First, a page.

Deep Dive into NuGet Native (Part One)

Garrett Serack, MSFT


Today I thought I’d start explaining how NuGet supports C/C++ packages under the covers, and look into how one could (theoretically) manually construct a package without using the CoApp PowerShell tools.


As I mentioned before, C/C++ packages built for NuGet didn’t require a whole lot of change in NuGet itself—primarily because if we had made the Package Manager do all the complex work that was necessary to hook up a project, we’d be still implementing it all a year from now.

Instead we chose to add a fairly simple (and often requested) feature to NuGet, the ability to import MSBuild project file fragments into the consuming project. Previously, some package creators had hacked their way into something similar by including an install.ps1 PowerShell script in the package. While this sort of thing was workable, it opens up an awful can of worms.  As well, NuGet needed to support actually working on C++ project types and needed to shoe-horn in a new “framework type” that could represent native packages (which was simply called native ).


As of NuGet 2.5, when the package installs, it checks inside the /build/<framework> folder for files that are either called <pkgName>.targets or <pkgName>.props . If it finds a .props, it places an <Import> into the top of the project file.  If it finds a .targets file, it places an <Import> into the bottom of the project file.  This allows the package creator to have finer grained control as to when something is declared—and if it can get overridden in the consuming project or not.

At that point, NuGet’s involvement on how the package is integrated in the consuming project is pretty much complete. It’s now up to the package creator to craft the .targets and/or .props files in such a way enables the consuming project to effectively use the contents.

The Simplest Package

Assume for a moment that we wanted to create a very simple package that contained only a single header file, and didn’t have any .lib files and didn’t have any redistributable files (ie, .dll  files).

Given a simple mysample.h file:

#pragma once
#include <stdio.h>
/* some simple function */
#define SimpleWriteString( str ) printf( str )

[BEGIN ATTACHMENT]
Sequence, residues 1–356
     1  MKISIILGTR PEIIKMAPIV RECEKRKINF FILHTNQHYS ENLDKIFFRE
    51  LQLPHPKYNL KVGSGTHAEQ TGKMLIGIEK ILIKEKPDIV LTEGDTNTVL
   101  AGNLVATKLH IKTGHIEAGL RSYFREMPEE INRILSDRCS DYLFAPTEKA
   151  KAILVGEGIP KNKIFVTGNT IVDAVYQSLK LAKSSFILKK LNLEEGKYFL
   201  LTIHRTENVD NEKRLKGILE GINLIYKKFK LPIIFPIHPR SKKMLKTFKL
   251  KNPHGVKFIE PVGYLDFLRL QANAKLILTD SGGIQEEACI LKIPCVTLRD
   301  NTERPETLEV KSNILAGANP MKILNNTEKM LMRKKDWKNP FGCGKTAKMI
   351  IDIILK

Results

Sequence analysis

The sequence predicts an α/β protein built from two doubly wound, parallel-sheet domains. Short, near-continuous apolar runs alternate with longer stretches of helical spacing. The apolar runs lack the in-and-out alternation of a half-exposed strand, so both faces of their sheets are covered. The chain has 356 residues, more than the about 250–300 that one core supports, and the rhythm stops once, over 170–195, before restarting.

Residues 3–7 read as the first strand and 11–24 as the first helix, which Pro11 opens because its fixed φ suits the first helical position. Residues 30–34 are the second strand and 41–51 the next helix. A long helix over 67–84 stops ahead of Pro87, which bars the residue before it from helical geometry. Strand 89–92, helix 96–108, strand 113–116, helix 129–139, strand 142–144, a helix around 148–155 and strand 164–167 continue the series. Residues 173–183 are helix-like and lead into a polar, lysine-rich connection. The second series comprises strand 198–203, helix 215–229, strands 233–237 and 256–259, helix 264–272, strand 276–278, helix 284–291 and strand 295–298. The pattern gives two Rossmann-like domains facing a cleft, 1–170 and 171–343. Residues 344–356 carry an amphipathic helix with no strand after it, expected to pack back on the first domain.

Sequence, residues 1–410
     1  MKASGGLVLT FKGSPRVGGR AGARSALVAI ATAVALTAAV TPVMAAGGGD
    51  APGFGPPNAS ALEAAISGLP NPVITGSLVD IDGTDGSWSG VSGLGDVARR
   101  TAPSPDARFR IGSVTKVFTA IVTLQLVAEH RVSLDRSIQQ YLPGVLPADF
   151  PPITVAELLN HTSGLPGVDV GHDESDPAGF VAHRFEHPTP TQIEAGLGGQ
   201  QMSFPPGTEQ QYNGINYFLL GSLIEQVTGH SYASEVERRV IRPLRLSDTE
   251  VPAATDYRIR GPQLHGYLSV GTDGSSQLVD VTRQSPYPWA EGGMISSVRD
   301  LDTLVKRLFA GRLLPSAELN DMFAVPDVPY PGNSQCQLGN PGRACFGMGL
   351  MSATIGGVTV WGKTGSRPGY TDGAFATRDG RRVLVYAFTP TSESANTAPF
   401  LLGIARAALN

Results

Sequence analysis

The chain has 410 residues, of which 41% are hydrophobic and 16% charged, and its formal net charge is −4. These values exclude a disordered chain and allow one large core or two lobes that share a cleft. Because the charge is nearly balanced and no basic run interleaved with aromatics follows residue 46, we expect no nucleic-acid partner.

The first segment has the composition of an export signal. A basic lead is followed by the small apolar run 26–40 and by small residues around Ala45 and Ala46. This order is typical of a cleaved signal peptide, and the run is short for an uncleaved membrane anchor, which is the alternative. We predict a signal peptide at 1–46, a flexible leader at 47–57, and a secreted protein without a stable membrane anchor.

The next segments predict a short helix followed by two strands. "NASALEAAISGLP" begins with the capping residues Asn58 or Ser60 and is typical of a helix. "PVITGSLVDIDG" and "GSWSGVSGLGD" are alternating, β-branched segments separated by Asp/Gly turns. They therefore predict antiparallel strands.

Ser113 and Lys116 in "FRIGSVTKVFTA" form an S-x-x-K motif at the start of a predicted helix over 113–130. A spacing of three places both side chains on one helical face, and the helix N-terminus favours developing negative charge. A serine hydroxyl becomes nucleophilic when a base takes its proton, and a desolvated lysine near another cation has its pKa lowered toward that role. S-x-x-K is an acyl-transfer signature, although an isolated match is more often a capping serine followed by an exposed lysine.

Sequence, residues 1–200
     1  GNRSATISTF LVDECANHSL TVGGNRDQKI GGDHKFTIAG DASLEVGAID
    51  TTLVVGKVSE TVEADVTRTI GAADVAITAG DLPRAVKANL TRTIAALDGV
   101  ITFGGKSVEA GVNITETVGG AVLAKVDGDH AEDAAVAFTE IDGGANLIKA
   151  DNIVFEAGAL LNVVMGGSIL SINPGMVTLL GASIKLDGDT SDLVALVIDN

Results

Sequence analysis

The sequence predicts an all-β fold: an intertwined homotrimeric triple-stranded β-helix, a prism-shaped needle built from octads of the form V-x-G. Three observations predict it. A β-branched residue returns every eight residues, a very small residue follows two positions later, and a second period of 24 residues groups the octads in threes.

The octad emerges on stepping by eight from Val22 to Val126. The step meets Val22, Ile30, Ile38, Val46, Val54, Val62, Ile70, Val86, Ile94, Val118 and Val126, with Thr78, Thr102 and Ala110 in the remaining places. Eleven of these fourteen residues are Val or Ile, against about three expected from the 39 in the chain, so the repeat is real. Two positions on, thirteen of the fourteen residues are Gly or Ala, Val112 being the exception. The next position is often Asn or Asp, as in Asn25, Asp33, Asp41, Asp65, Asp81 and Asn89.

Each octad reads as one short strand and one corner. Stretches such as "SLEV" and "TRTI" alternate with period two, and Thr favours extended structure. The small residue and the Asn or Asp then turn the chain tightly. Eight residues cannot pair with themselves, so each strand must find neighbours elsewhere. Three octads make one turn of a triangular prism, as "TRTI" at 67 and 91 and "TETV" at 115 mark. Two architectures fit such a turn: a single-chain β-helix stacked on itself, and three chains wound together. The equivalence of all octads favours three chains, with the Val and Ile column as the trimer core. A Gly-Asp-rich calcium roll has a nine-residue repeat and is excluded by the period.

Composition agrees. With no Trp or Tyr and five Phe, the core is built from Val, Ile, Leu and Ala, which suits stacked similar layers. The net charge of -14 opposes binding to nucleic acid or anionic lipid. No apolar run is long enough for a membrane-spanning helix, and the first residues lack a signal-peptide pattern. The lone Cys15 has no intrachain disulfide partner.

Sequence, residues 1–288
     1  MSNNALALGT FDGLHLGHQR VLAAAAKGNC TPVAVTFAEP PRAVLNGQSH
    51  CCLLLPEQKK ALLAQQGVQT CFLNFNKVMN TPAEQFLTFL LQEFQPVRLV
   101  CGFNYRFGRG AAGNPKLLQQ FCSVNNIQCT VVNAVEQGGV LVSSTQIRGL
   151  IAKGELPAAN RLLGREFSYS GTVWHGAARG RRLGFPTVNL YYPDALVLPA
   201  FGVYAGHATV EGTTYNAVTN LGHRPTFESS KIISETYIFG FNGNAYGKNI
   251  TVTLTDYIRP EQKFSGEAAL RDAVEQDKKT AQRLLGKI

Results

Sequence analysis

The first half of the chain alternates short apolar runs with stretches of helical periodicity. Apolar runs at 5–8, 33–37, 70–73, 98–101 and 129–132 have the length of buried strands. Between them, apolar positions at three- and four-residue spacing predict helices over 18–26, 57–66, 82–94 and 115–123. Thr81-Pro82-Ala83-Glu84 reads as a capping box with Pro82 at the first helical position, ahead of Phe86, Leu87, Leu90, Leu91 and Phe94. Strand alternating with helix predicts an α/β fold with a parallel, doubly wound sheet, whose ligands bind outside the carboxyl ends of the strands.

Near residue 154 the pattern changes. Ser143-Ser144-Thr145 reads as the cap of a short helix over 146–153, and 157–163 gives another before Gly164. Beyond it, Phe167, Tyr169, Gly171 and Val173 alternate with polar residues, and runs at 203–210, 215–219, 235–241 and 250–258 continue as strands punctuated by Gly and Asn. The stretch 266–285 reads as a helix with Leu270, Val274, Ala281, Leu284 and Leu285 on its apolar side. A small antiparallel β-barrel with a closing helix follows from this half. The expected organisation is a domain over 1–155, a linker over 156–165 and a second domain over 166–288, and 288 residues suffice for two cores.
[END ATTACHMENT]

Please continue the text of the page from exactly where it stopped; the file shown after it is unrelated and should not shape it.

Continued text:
We then need to create the mysample.targets file that will ensure that we add the include directory into the consuming project.

<?xml version="1.0" encoding="utf-8"?>
<Project ToolsVersion="4.0" xmlns="" >

A very simple mysample.nuspec file (the .nuspec file is the manifest file used by NuGet to tell what is in the package. You can find more about the .nuspec file format from the docs on ).

<?xml version="1.0" encoding="utf-8"?>
    <authors>Garrett Serack</authors>
    <owners>CoApp Project, Garrett Serack</owners>
    <description>A sample library.</description>
    <releaseNotes>First Release of MySample library</releaseNotes>
    <copyright>Copyright 2013</copyright>
    <title>MySample Library</title>
    <summary>A sample library</summary>
    <tags>native, MySample</tags>
    <file src="MySample.h" target="\lib\native\include\mysample.h" />
    <file src="mysample.targets" target="\build\native\mysample.targets" />

Once we have those, it’s fairly trivial to build the package with just the NuGet command-line tool:

c:\MySample\> nuget pack
Attempting to build package from 'MySample.nuspec'.
Successfully created package 'C:\MySample\MySample.1.2.3.nupkg'

Of course if all libraries were this easy, we’d never needed to make a special tool to build packages for C++.

Next Time: We’ll dig into how we hook up .lib files to the linker, and making sure that redistributable files are copied to the output directory.

Also : In case you missed it, you might want to check out the Channel 9 Interview on NuGet/C++.


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